Risk Latte - How Risky is a Stock?-Look at the Dividend Yield

How Risky is a Stock?-Look at the Dividend Yield

Rahul Bhattacharya
Mar 21, 2006

What does it mean when we say that a stock has a duration of 100 years?

It is both interesting and exotic to note that equities also have duration, i.e. they have interest rate sensitivity. In fact equities have a very high duration (hence if duration is the measure of the first order risks then stocks are very risky instruments). And this sensitivity to interest rate is expressed via the dividend yield of a stock (stock index). Interest rate volatility can significantly impact the price and value of equities if equilibrium is not maintained by the dividend yield.

The risk of a stock, if measured through its duration, is impacted most by the dividend yield. Quantitatively, the duration of a stock can be expressed as:

Proof of the above :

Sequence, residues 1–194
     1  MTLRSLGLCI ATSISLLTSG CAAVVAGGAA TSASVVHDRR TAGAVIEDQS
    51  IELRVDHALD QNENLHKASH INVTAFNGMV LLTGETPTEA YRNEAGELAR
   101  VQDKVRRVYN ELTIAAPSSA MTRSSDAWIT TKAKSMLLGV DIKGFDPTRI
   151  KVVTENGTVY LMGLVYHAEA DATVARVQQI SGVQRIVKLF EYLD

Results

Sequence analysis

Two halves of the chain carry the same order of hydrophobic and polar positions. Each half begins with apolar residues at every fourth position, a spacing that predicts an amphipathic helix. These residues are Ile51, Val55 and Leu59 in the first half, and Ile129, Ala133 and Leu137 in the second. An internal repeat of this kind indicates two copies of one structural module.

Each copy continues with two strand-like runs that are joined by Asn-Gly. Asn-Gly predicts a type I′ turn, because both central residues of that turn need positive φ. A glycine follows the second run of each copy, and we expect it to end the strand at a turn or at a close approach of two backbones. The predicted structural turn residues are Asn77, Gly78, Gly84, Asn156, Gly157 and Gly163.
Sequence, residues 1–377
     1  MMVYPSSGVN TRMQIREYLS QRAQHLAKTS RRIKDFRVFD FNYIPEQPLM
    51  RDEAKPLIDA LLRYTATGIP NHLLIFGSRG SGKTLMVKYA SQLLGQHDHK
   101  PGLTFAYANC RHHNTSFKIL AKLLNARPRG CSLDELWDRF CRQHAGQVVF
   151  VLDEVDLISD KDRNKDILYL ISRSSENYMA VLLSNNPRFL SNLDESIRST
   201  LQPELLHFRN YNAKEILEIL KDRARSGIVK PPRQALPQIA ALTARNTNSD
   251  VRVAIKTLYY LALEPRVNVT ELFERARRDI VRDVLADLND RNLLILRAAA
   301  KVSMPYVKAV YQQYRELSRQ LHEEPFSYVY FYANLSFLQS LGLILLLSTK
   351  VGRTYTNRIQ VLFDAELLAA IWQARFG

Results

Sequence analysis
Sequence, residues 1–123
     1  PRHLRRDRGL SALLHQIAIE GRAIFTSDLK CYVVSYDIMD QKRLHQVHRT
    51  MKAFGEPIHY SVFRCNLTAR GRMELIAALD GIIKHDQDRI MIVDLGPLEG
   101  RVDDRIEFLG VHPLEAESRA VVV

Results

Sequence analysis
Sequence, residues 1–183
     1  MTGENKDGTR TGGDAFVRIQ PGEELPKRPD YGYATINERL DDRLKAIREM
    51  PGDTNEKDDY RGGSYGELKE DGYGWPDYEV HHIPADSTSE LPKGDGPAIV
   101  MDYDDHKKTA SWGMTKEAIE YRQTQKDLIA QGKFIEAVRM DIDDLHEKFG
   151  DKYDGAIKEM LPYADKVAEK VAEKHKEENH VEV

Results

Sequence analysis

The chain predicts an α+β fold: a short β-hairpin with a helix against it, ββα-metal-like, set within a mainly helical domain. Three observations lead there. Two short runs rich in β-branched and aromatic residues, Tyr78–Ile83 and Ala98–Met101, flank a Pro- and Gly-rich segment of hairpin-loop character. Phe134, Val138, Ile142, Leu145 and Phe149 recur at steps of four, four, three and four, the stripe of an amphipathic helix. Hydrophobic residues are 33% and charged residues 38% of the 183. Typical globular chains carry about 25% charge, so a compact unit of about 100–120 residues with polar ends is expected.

We will take the dividend growth model to value (price) a stock. If is the initial dividend (say, as of today) that a stock pays, is the growth rate of that dividend and is the rate of return (that investors expect from the stock) then the price of the stock is given by:

The short term interest rates in an economy will directly and linearly affect and therefore to capture the variation of the stock price with respect to the interest rate we can write:

Thus the duration, the interest rate sensitivity, of the stock will be given by:

End of the Proof

The above makes perfect intuitive sense. Why do investors invest in stocks? To make money on their investment by participating in the profits of the company (let's for the moment forget of high growth tech and dot com stocks which pay no dividend but are still sometimes valued very dearly). So, higher the dividend yield (dividend as a ratio of the price of the stock) the better is the investment in that stock and hence lower the risk and vice versa. If the dividend yield of a stock is low (or zero!!) then the stock is more risky because either the company is not making money to pay profit to shareholders or the money that it is making is being sucked into the operations (invested back in) of the company and which may or may not yield a future profit (for the investor).

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